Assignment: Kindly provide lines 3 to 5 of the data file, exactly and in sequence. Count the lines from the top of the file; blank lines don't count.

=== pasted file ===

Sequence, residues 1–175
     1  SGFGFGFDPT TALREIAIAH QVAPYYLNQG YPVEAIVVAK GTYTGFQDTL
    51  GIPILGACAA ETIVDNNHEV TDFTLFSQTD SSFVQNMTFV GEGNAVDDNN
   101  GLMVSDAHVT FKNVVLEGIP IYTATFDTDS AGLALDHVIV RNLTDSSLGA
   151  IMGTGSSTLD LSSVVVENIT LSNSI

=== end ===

    51  GIPILGACAA ETIVDNNHEV TDFTLFSQTD SSFVQNMTFV GEGNAVDDNN
   101  GLMVSDAHVT FKNVVLEGIP IYTATFDTDS AGLALDHVIV RNLTDSSLGA
   151  IMGTGSSTLD LSSVVVENIT LSNSI